OK, what do these people have in common: Larry Page (co-founder of Google), Condolezza Rice (U.S. Secretary of State), Bob Dylan (musician), Drew Carey (television actor), J.D. Salinger (author), and Katie Couric (journalist)? You might guess, but it’s true; they all went to camp as kids. The list of other famous and influential people who attended or worked at a summer camp is a pretty amazing list. The talent and abilities these folk now famously show, is impressive.

What’s interesting about this is to think how so much of what we become springs from our experiences as kids, how the people we meet, the activities that challenge us, and the accomplishments that validate who we are, can so profoundly inspire who we might become. As summer camp was a part of these talented people’s lives, and as it continues to be for scores of children today, it played some, perhaps even crucial, part in making them so.

Knitting Camp Girls

knitting camp girl wearing a hat she made

“Like your hat Maddie.”

Knitting! It’s just one of the fiber arts activities available at Rockbrook each and every camp session.

With so many arts and crafts opportunities, you get to make some pretty cool stuff when you come to camp… like this hat for instance. Maddie knitted it when she first got to camp last summer, and from then on was rarely seen without it. A camp arts project that she used every single day!

It’s true; knitting has become an increasingly popular activity at camp. The Rockbrook girls are learning that it isn’t all that difficult (once you master the basic stitches!) to knit, is really a lot of fun, and is so satisfying when you see what you’ve made. Some girls describe the feeling of it, the process of twisting, looping and tying yarn in patterns of knots, to be relaxing, even meditative.

It’s the kind of thing that can become addicting.  As soon as you finish one project, it’s easy and exciting to imagine and start another.  In the long run knitting can then continue after camp at Home. It can become a life-long hobby!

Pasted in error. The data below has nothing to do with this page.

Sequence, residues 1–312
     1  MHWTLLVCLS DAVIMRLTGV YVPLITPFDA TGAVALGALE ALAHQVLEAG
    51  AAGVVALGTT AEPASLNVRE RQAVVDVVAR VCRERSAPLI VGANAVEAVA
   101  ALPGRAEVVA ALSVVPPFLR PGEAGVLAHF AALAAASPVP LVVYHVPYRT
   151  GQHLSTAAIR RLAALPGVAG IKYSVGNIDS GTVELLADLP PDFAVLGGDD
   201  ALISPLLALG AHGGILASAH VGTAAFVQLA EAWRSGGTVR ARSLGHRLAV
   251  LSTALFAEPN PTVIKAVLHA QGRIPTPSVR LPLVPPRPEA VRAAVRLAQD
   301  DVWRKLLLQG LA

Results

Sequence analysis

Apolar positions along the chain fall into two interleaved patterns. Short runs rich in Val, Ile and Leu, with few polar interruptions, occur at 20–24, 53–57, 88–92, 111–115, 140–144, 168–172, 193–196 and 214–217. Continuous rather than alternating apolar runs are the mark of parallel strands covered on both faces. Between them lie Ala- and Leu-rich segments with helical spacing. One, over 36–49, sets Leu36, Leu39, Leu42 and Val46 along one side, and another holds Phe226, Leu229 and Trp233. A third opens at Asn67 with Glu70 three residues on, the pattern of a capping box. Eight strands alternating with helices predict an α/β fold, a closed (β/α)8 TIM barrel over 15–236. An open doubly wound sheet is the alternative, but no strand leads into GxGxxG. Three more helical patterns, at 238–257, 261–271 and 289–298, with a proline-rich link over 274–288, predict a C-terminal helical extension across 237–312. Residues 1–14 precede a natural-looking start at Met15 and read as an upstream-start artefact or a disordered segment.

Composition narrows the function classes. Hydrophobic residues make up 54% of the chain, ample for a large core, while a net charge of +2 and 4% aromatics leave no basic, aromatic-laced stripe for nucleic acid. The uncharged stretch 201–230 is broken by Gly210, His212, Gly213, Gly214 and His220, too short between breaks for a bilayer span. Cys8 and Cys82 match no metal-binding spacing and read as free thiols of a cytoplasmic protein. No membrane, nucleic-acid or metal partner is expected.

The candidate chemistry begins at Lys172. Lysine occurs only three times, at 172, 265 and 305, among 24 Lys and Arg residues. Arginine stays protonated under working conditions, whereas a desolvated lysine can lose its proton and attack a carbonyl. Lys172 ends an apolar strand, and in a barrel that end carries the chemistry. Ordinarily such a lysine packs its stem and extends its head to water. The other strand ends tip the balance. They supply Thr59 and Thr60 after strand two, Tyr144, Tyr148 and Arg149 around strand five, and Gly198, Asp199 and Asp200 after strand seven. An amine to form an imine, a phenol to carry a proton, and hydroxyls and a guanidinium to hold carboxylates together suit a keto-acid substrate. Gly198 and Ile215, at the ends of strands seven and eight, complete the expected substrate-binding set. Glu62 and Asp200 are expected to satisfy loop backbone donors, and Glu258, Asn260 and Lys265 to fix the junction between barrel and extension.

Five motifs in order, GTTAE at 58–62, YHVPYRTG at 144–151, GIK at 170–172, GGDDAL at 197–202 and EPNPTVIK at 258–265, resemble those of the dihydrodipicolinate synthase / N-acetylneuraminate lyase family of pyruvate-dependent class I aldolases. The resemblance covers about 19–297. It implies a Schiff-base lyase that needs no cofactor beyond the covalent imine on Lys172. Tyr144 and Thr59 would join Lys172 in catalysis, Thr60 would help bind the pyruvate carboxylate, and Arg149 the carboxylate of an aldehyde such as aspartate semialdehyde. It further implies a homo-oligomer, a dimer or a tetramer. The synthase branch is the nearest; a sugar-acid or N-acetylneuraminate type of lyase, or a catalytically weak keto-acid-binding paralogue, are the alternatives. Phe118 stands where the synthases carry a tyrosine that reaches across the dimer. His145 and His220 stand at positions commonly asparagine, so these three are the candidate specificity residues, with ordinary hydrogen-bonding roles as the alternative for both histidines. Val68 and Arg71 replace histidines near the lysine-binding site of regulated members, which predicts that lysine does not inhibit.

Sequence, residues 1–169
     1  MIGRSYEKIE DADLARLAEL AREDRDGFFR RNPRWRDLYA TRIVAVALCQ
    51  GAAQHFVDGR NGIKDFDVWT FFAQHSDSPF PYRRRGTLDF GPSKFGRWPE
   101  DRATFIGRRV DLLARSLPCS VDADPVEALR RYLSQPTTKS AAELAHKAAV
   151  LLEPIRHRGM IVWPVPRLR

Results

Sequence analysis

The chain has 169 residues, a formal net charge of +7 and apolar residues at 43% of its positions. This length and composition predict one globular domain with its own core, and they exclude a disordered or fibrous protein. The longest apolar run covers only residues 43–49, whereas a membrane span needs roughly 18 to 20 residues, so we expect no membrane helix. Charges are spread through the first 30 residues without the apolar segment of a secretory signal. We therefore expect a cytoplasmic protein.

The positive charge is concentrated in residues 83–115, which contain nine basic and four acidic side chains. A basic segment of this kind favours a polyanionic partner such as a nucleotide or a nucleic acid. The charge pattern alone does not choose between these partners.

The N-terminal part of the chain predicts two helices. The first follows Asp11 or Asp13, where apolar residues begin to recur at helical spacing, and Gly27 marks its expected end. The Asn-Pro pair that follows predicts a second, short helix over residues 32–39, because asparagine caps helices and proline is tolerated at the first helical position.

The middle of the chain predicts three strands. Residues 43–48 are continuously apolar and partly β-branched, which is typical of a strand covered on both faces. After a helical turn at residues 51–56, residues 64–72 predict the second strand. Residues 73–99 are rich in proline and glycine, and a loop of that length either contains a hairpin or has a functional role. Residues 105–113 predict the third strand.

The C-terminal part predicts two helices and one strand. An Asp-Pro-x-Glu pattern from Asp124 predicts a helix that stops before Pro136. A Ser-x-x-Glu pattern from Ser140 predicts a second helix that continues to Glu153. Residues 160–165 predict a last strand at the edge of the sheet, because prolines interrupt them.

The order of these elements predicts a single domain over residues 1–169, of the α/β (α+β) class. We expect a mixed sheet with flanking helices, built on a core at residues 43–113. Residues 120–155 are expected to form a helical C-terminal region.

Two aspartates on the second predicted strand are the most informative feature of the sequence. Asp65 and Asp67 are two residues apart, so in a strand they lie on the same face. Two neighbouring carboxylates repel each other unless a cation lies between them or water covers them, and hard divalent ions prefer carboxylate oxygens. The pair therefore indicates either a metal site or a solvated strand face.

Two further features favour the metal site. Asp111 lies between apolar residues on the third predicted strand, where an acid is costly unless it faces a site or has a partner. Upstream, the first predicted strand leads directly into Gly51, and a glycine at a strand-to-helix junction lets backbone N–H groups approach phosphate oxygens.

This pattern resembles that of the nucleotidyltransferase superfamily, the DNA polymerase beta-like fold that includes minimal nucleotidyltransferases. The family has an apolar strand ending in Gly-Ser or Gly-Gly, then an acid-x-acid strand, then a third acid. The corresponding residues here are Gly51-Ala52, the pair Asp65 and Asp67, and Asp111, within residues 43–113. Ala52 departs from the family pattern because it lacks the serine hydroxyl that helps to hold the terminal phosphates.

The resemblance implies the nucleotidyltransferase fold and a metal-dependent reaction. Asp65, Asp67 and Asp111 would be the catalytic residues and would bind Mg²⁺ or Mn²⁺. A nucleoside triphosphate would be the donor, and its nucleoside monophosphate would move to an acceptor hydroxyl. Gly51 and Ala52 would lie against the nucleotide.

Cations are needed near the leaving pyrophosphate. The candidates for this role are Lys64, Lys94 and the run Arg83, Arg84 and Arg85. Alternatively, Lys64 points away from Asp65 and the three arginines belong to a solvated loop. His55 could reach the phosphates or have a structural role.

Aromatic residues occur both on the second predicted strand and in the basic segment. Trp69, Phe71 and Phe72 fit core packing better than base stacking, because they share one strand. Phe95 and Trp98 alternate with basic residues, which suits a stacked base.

P.S. That’s Looking Glass Falls in the background.

Pottery — A craft tradition for girls at Rockbrook

Girls Crafts and Ceramics Camp

One of the many folk crafts of the Appalachian region, including the area around Rockbrook Camp, is pottery. Following a long tradition of people making household pots from clay, there are now, according to the Southern Highland Craft Guild, more than 125 ceramic artists and potters working in western North Carolina. Using traditional and modern techniques, the most amazing sculpture, tiles, pots and other vessels still spring from these hills.

At Rockbrook, girls and crafts definitely go together, and making pottery is something just about everyone does. It’s probably one of the most popular activities, in fact (not counting horseback riding 🙂 ). Working with clay, pinching, rolling, flattening, shaping, texturizing, and spinning on the wheel, the girls make some amazing things. It’s particularly exciting to see how the glazes come out after firing their work. Who would think continuing an Appalachian crafts tradition would be so fun!

Kids Summer Program

Kids Camp Time

Is it possible to have “too much summer camp?” According to Abby Brunks, in her recent Atlanta Journal Constitution article, the answer might be yes. Ms. Brunks fears that being at summer camp can become an extension of the busy, overly scheduled life most kids experience throughout the school year. She believes that kids need a “good long break to just hang out,” and therefore cautions parents not to send their kids away to summer camp (particularly “specialty camps” apparently) for “weeks on end.”

Here at Rockbrook, we understand this concern. That’s why we build into every day a good amount of free time when campers can just “hang out.” There’s time to sit on the porch and talk, explore one of the camp streams, goof around with your cabin mates, make up a song, write a letter, or just relax. For years we’ve recognized this as one of the great opportunities of camp— it’s a chance to experience carefree summer living, to have the freedom to decide for yourself what you feel like doing, while having so many fun options easily available. That’s why coming to camp is so great. Sure at home you may be able to hang out, but you won’t have near the opportunity to try new things, meet new people, and explore nature. And because it is so refreshingly different from home or school, weeks easily seem like days.

Rockbrook Horseback Riding Video

Riding video girl

OK, are you ready for an awesome video of horseback riding from camp last summer? You can poke around the Rockbrook Camp web site and see all kinds of great photos of girls riding, taking care of horses, and enjoying their time at camp.

But, nothing beats a fun video of all that action. Here is a riding video! Watch closely, and you’ll see plenty of people you know, lots of jumping, views of the upper and lower riding rings, and of course a bunch of the Rockbrook Camp horses. A little Rockbrook summer horse camp fun. Enjoy!